3. Flexible media is a content AND a layout problem

Our lives would be much easier if textual content was all we had to deal with. Not because it’s easy, but because it’s a lot more stable than handling other kinds of content like images, video, audio and so on, which have less established or commonly standardized methods (of making responsive).

A primary concern in the course of the making a site responsive is content reflow. When we think about text, the complexity lies in preferences of presentation, for which there is a vast array of options in CSS to satisfy the most sophisticated and nuanced design, including the use of custom fonts, icon libraries and animation. And while different browsers still might be tricky about certain situations, all support every character found in human languages (and even some others).

When it comes to other content types however (namely images, audio and video), we are not yet offered a consistent reliable method to accomplish all we want to do in service of presenting it responsively everywhere we need. It is definitely possible, but far more laborious than textual content. And since flexible media is the 3rd leg of the RWD technique stool, it becomes a pretty large part of your effort.

Many responsive presentation techniques end up requiring transformation of the content itself — cropping, re-optimizing, converting codecs, etc, and here lies the conversation bottleneck when you intertwine Adaptive and Responsive issues.

Now when I hear “I need more than a Responsive site, I need it to be Adaptive” I try to put aside the responsive issue for a moment and start asking questions about the content type because in my experience to date, that’s the real decision point that is needed. It becomes a dependency for Responsive progress and if you are going to address the content lifecycle, might as well look at it holistically and properly. (Also, this is how you make content strategy happen when your place of work doesn’t understand content strategy).

The plainest way I can think of to put it is that the responsive needs become content requirements. This then feeds into the content model, authoring and editorial processes necessary to support your content lifecycle. RWD as an agent of change; you are basically forced to think about your content strategy when you need flexible media.

Now that’s messy. Let’s break it down further: We just want the content to display responsively, but we can’t because the content itself has an inherent limitation and needs to be modified (basically new content requirements). We are now talking about the content lifecycle itself if we are transforming it (whether that is done on the fly using a tool that manipulates images based on certain attributes, or manually by tireless photoshoppers off-shore, or something in between). You have a people, process and technology turducken, but you still don’t have Responsive in opposition to Adaptive.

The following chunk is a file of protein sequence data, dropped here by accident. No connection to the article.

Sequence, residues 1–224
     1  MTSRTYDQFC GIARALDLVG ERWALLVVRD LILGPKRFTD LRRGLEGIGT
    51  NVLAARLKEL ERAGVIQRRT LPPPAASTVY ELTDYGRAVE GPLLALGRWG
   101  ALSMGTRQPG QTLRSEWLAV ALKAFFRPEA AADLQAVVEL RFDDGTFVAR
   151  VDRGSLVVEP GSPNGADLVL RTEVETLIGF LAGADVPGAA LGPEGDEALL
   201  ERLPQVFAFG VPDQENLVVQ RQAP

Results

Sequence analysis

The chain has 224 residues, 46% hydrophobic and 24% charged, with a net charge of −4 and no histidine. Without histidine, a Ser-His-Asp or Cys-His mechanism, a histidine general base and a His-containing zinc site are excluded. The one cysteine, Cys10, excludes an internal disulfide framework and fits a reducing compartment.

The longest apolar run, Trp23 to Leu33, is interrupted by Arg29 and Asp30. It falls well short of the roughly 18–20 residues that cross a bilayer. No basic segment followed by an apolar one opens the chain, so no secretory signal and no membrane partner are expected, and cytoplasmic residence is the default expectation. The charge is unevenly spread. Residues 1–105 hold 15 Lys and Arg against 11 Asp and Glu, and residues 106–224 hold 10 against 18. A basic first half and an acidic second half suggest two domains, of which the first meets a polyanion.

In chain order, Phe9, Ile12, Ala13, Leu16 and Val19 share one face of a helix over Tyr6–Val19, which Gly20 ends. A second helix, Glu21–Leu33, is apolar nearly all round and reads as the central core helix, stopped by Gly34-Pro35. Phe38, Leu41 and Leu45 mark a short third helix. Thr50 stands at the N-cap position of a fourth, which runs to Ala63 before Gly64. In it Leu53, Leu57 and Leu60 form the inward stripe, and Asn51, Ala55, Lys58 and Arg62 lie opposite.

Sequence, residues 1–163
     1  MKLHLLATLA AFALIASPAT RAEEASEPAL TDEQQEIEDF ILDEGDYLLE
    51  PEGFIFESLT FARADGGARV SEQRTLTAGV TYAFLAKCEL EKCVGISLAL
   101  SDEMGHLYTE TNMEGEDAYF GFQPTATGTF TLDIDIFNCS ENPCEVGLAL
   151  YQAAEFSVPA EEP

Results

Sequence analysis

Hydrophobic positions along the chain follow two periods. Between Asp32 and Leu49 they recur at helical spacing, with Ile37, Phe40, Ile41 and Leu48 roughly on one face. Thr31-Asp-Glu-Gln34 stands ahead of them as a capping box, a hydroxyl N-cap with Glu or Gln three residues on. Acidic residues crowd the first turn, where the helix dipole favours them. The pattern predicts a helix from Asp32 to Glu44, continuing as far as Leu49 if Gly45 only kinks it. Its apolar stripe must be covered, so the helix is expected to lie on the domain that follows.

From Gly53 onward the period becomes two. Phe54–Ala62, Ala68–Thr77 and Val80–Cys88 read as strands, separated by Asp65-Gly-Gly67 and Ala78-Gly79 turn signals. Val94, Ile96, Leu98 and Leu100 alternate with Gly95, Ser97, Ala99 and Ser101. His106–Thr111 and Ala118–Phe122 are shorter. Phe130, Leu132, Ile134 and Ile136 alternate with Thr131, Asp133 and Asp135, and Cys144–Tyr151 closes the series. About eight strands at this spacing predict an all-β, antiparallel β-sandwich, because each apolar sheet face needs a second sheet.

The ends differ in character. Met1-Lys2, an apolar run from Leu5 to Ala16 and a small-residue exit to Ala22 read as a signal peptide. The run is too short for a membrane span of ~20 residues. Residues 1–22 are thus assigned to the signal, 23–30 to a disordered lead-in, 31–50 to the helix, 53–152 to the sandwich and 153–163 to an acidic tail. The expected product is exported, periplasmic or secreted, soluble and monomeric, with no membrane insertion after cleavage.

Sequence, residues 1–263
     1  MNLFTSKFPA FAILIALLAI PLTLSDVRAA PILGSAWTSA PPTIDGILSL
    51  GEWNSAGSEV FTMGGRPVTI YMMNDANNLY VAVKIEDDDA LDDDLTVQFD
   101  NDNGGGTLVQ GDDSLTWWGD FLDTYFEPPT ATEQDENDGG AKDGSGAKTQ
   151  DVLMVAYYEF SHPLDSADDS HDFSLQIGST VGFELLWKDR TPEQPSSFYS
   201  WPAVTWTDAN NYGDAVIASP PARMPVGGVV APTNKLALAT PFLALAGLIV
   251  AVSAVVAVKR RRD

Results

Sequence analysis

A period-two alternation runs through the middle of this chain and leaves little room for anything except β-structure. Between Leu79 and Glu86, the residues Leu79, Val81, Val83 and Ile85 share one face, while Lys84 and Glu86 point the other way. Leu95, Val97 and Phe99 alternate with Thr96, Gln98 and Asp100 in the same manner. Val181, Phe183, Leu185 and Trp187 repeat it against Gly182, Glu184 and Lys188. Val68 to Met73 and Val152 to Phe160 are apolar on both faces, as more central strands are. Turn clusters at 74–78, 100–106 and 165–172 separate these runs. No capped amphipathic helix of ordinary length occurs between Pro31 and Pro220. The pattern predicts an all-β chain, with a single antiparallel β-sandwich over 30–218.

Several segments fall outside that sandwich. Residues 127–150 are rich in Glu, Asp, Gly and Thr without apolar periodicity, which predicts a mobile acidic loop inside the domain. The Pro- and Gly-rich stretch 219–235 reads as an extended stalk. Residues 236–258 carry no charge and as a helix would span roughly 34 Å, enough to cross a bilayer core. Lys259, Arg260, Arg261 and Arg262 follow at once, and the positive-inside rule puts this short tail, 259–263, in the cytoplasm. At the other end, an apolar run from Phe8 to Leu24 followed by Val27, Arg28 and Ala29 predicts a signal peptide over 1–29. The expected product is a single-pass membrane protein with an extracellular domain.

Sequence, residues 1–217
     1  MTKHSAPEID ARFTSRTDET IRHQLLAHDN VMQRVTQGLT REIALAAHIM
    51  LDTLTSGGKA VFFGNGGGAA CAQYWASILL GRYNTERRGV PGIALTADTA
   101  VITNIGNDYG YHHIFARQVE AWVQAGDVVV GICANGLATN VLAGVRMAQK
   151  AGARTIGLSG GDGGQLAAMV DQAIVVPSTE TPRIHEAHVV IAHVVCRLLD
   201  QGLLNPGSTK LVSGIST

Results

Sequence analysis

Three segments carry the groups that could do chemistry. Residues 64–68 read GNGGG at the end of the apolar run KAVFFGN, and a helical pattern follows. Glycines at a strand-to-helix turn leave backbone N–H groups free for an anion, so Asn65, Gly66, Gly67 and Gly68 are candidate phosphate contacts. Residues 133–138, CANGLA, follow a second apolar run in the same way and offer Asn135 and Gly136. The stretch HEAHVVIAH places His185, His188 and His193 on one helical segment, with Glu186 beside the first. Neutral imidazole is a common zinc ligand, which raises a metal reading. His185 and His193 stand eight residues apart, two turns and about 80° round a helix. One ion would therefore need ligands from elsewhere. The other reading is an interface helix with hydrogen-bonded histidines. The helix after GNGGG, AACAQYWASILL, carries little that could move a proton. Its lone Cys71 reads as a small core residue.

Come to think of it, you have Adaptive in service of Responsive.

4. Conditional display, the final frontier of confusion

How could this get any more confusing? By creating conditions. This is the last category of problem I see that creates this faux-Responsive versus Adaptive situation.

You could say that if there is ever a condition that needs to be met for content to display that isn’t simply “content is X, show X here”, then this content is customized. All I mean by customized is there is some condition that needs to be met for the system to determine what content to display and sometimes how to display it.

We don’t really have a good term for this that I am aware of that is not customization (and sometimes personalization when the defining attribute is based on user values). I have heard plenty of smart people use the term Adaptive Content to mean customized content. And there’s another Inigo Moment™ for you. This is perhaps a simpler and more addressable issue: tell them what Adaptive Content means. This is a help-distribute-the-future opportunity. PS: Don’t be a jerk.

Maybe think of the hours of online and offline debate we’re saving ourselves in the long run if we stop messing this up.


Make a thing out of it

I hope this helps establish that this false dichotomy between Adaptive (Content) and Responsive (Web Design) is a non-starter. By understanding what’s broken about it we can hopefully help others understand both concepts better, diffuse contentious disagreements and perhaps prevent teams from going down ratholes of misinformed strategies as there is no there there.

Feel free to send this to a friend along with the 2 definitions above:

You can have adaptive content that is displayed on a website responsively (so it is more usable on any device with ease), and you can have adaptive content that is displayed non-responsively (in a fixed manner with a rigid layout, or even have different sites for different devices all using that same content).
You can also have a responsive site with content that was created exclusively for that site and no other uses (so, not adaptive), and a responsive site with content that was authored to be used on that site as well as on an mobile app, a kiosk UI, an email newsletter, another website and so on (adaptive).